Wednesday, March 25, 2020


I got a new book but it was too big.  Too heavy to hold in my lap, too bulky to carry around, unweilding in my purse.  It was a very bossy book.  This is my solution and I've used it several times since and I like it so much I thought I would share it with you.

Warning: This post contains graphic descriptions of book abuse. I understand that people can be squeamish about their books. I have seen friends become more alarmed over what I’m about to say than television images of oil-soaked baby ducklings. And, if that doesn’t break your heart, nothing will.

I love books as much as you do.  But I also have a good grasp of who is in charge here.  I bought the book with my own money. It's mine, I can do what I want to with it. I have a good reason for what I am about to do. And, finally, if you look at it the right way, I will actually triple the value of the book. I also don't do this with just any book I own, only the really fat, heavy ones.

I started slicing my books up on a vacation when I was reading a paperback I had found in a airport. I was a mindless biography of a fairly forgettable movie star and  I was going to throw it away when I finished.  But the trip had been long and I was getting tired of holding the book.  So I tore out all the pages I had already read.  And commenced to just tear out the pages as I continued to read. That was when I lost my fear of books.

It was the last Harry Potter book that did it.  At 607 pages it weighed over 2 1/2 pounds.  That's a bulky and heavy book.  I got tired just holding it in my lap.  And I was about to leave for a youth retreat where I might end up carrying it around the dorm while I did hall duty after curfew.  I hit upon the idea of slicing the book into thirds.

This meant that not only could I lessen the weight and read only one part of the book at a time but I could then loan out the other 2/3 of the book to two other friends.  It was a total win-win idea. My conscience was clear since I had recently been to Half Priced Books and seen an entire bookcase with Harry Potter books selling for 25 cents. A used Harry Potter was basically useless, little more than trash.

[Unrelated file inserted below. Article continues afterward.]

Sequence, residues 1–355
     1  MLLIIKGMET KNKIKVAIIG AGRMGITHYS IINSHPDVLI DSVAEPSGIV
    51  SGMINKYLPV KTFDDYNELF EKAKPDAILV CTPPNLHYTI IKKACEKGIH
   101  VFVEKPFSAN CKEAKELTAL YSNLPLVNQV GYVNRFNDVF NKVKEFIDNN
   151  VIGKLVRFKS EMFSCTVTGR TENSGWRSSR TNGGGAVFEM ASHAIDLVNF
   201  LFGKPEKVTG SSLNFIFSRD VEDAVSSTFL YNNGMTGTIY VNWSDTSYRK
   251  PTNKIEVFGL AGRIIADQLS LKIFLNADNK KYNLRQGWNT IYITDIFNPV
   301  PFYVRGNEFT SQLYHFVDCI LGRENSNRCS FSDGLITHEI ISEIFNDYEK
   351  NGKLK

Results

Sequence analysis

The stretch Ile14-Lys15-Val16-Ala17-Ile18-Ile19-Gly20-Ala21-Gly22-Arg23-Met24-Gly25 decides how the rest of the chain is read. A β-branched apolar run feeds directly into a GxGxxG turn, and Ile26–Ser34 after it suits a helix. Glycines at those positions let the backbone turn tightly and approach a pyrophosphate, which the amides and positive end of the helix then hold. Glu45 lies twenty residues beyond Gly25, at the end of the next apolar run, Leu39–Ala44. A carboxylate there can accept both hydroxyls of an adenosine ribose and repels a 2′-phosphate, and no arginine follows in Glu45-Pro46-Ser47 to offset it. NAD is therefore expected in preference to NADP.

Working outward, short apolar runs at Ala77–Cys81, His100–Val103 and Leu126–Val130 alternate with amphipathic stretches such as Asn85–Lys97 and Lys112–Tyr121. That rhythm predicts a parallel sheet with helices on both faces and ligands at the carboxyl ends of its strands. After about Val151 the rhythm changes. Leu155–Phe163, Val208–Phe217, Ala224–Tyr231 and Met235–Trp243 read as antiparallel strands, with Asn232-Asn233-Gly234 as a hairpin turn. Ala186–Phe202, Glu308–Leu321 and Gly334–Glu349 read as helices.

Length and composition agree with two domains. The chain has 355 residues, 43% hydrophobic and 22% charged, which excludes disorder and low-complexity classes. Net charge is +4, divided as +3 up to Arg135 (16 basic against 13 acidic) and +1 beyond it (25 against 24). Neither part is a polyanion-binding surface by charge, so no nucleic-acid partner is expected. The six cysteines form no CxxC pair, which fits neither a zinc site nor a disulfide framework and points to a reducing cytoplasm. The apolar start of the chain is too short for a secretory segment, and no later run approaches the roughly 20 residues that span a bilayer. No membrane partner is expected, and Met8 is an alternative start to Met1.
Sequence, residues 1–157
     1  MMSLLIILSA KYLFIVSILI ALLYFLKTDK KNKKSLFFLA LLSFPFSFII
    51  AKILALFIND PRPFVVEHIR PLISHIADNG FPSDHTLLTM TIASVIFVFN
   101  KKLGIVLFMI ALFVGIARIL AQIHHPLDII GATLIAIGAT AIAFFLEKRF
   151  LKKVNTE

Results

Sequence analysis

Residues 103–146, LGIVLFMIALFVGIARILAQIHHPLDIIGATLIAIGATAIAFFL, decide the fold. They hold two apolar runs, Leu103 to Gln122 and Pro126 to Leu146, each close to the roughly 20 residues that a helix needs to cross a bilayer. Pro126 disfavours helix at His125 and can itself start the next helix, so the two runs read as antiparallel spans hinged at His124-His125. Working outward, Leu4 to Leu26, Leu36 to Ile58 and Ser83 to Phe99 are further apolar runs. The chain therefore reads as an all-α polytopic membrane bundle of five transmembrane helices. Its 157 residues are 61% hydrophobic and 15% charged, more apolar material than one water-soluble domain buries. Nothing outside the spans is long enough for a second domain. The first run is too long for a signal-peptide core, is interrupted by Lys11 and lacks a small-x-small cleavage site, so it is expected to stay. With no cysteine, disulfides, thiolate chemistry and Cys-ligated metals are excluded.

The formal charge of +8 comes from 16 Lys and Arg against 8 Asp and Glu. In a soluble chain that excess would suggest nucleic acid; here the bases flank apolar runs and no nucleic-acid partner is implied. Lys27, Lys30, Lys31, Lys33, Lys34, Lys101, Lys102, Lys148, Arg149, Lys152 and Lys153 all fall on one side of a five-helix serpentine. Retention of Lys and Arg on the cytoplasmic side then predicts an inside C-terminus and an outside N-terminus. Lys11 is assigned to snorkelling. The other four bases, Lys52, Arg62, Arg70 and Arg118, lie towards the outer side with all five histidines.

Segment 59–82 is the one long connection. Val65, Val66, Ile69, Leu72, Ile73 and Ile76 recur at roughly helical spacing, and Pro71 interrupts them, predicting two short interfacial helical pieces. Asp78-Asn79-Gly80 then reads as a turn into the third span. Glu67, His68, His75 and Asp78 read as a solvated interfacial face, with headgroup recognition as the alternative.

Here's what I ended up with.

Sure enough, I was able to make two other people happy while I read my section.  We traded around.  When I got home I wrapped it up with a rubber band and put it on my shelf.

Next I tackled paperbacks.  They're a little harder since they aren't bound the same way.  The middle will need special handling.

The first one I sliced into thirds was Hamilton.

And today I'm breaking up Leonardo da Vinci:

You will also need a sharp razor knife and clear packing tape. And a large serrated kitchen knife.

Divide the book into thirds.  IMPORTANT:  Make sure each third starts a new chapter.  Sometimes a new chapter starts on the left side as the book is open.  You don't want that.  Start section two and three with a new chapter on the first page.

Lay the knife between the pages and close the book on it.  Slowly and gently work the knife against the spine of the book, slicing through the spine until you have sliced the book in two.  Repeat for the third section.

Now that you have each third in a smaller and easier-to-manage size you will need to create new covers for each section.  I have found that old phone book covers work best.  

Lay the book sections on top of a page of phone book cover and trace around it.  Pay attention to what you're tracing:  this will be the cover for your book section and you will have to live with it.  If you select a section that has an ad for a bailbonds company on it you might regret it.  This is going to be the face of your "new" book.  Consider your options.  Cut out the cover for your new book section.

My technique calls for a delicate and respectful touch. If you’re going to cut a book into thirds you’d better know what you’re doing. You can’t just go hacking away at it willy-nilly. If it’s a hardback you have to get the cover off. It’s a little bit like skinning a deer. Find the point where the back meets the spine and make an incision down the inside of the spine on either side. This will separate the cover from the guts. Next, divide the book into thirds but, again, you have to be careful how you do this. You’ll want to find chapter breaks where the new chapter starts on the right-hand side. Then you take a long serrated knife. Lay the blade flat and close the book over it. This will guide the knife so it doesn’t cut into anything besides the back. Voila! When I finish I keep it all together with a rubber band. In the case of Harry Potter three different people now are able to read the book at the same time, saving the world a total of around $60 by not buying three more books.

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